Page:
Legal Responses to Transnational and International Crimes
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Legal Responses to Transnational and International Crimes

Towards an Integrative Approach

Edited by Harmen Van der Wilt and Christophe Paulussen

This book critically reflects on the relationship between ‘core crimes’ which make up the subject matter jurisdiction of the International Criminal Court (such as war crimes, crimes against humanity, genocide, and aggression) and transnational crimes. The contributions in the book address the features of several transnational crimes and generally acknowledge that the boundaries between core crimes and transnational crimes are blurring. One of the major questions is whether, in view of this gradual merger of the categories, the distinction in legal regime is still warranted. Should prosecution and trial of transnational crimes be transferred from national to international jurisdictions?
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Chapter 3: Is international criminal law an appropriate mechanism to deal with organised crime in a global society?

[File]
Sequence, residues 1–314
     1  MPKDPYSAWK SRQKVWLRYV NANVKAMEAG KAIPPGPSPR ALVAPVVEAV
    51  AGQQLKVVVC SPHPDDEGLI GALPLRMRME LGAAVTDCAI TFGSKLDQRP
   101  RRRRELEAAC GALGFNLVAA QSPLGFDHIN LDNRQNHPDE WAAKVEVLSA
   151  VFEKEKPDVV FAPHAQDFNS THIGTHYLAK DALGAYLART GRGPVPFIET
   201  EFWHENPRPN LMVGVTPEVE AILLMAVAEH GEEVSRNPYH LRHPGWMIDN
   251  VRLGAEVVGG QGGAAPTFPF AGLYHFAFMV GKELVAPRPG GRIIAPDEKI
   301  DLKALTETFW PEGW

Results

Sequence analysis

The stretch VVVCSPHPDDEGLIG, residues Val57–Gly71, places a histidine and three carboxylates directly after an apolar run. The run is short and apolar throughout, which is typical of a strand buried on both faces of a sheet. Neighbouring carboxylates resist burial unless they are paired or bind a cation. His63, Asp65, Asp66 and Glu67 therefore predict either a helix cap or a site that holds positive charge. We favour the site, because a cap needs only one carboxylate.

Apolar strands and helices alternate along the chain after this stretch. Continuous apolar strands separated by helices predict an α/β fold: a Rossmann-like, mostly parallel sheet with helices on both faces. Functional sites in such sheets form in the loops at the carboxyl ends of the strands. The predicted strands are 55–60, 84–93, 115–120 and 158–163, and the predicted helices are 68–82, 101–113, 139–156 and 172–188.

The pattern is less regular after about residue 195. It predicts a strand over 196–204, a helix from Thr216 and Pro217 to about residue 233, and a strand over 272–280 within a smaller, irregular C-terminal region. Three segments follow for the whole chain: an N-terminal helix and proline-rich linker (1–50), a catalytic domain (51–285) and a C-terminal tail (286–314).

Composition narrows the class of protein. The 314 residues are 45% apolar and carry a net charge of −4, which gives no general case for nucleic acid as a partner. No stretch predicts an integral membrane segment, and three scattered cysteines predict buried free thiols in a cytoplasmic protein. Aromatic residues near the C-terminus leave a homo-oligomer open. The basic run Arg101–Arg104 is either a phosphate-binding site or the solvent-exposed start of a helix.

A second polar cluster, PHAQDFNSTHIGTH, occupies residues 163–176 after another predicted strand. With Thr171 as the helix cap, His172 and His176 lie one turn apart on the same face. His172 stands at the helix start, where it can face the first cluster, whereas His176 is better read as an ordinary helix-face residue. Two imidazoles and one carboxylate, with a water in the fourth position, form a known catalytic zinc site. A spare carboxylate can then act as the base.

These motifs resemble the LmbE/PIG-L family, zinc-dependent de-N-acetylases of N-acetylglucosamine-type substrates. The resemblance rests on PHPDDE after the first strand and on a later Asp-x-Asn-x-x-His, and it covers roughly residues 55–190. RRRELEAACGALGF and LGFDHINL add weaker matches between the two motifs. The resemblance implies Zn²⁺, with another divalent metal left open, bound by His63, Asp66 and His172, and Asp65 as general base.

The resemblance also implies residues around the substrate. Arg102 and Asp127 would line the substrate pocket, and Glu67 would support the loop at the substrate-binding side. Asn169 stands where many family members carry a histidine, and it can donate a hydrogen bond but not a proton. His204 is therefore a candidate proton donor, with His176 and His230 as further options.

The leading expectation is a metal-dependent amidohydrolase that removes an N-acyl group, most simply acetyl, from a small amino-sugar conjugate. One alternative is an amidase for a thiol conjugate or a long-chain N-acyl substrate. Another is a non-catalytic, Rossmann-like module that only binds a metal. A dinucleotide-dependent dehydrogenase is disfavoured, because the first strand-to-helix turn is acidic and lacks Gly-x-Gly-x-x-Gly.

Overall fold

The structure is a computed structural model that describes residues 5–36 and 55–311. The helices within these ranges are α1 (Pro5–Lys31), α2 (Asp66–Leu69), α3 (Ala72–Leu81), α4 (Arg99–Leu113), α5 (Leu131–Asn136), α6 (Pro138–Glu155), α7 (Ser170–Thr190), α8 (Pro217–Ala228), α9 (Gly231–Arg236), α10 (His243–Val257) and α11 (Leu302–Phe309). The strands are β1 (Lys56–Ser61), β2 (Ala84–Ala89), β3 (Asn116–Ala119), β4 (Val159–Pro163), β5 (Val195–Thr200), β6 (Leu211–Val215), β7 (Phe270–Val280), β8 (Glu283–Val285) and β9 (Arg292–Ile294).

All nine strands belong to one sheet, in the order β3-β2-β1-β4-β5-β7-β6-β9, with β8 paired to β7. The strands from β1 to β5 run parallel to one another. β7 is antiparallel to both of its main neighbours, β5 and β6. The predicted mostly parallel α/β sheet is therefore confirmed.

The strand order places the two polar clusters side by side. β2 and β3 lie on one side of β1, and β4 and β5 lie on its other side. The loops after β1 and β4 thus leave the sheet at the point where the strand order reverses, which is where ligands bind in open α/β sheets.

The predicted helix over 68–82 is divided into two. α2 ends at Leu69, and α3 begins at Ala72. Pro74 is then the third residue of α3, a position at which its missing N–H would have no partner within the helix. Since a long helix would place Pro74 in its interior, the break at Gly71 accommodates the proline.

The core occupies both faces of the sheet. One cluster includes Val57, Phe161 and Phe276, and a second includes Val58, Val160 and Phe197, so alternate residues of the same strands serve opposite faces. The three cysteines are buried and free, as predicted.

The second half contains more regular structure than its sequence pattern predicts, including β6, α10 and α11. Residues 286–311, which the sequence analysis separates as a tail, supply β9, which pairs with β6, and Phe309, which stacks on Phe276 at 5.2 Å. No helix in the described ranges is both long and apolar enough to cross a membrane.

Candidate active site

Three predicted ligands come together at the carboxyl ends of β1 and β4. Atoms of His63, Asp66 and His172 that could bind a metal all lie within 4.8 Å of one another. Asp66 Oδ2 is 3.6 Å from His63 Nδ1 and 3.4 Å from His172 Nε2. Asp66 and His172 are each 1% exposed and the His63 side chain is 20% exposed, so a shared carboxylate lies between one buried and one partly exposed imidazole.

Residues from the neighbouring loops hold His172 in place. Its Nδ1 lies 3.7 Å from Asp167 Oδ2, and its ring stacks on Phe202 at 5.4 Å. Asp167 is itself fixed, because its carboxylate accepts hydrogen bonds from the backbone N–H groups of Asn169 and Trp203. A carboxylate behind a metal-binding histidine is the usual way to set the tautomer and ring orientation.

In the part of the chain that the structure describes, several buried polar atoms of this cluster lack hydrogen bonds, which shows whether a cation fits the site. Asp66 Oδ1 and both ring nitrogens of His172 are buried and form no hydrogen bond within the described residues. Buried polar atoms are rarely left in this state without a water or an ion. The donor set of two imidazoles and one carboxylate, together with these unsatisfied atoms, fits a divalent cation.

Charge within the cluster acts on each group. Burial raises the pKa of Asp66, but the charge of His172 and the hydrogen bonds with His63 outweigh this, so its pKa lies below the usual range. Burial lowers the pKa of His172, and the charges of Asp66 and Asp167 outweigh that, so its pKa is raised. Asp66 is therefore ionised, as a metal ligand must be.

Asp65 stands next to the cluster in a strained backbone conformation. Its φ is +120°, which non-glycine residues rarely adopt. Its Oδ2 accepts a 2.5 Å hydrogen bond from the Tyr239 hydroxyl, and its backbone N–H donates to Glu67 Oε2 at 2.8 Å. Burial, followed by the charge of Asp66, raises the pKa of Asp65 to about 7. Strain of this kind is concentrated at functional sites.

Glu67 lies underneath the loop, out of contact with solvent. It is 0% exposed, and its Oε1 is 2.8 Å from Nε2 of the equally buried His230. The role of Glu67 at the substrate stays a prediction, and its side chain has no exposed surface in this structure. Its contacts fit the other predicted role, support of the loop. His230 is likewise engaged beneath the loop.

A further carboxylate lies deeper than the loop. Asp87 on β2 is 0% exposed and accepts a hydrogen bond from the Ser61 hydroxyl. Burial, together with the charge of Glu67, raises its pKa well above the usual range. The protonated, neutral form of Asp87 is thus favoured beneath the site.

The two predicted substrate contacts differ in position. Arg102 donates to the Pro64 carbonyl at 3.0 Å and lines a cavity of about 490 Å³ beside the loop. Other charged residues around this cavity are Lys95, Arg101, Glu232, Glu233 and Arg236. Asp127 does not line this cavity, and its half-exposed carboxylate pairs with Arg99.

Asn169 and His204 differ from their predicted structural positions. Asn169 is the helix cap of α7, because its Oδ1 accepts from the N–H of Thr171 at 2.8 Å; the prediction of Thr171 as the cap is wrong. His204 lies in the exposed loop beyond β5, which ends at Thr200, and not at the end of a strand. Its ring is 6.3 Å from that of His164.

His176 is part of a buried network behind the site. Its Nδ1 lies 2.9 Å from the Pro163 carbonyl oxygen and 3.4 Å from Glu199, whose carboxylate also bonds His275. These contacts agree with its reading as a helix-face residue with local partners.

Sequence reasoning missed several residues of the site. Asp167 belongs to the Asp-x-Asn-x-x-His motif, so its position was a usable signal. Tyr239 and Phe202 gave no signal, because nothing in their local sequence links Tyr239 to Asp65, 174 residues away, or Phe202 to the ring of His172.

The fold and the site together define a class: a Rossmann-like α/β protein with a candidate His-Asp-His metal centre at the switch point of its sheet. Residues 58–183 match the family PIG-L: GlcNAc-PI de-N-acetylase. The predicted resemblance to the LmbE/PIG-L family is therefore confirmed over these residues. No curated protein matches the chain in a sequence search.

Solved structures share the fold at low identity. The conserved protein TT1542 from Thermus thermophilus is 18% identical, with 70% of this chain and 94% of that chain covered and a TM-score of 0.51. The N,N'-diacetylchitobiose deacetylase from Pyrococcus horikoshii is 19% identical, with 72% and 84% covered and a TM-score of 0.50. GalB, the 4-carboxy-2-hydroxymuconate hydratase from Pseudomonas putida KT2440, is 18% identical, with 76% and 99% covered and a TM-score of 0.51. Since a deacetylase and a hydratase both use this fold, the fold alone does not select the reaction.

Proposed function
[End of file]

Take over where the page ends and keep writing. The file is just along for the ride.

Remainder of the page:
Héctor Olásolo

Abstract

The structural differences between international and transnational crimes, and between international and transnational criminal law, are not dispelled by the globalisation of transnational organised crime. As a result, the reasons for the different responses provided by international and transnational criminal law to international and transnational crimes remain intact. Nevertheless, this does not prevent the most serious acts of violence by clandestine business structures from amounting to international crimes, in particular crimes against humanity. Consequently, they should receive an appropriate response to their true nature by international criminal law.

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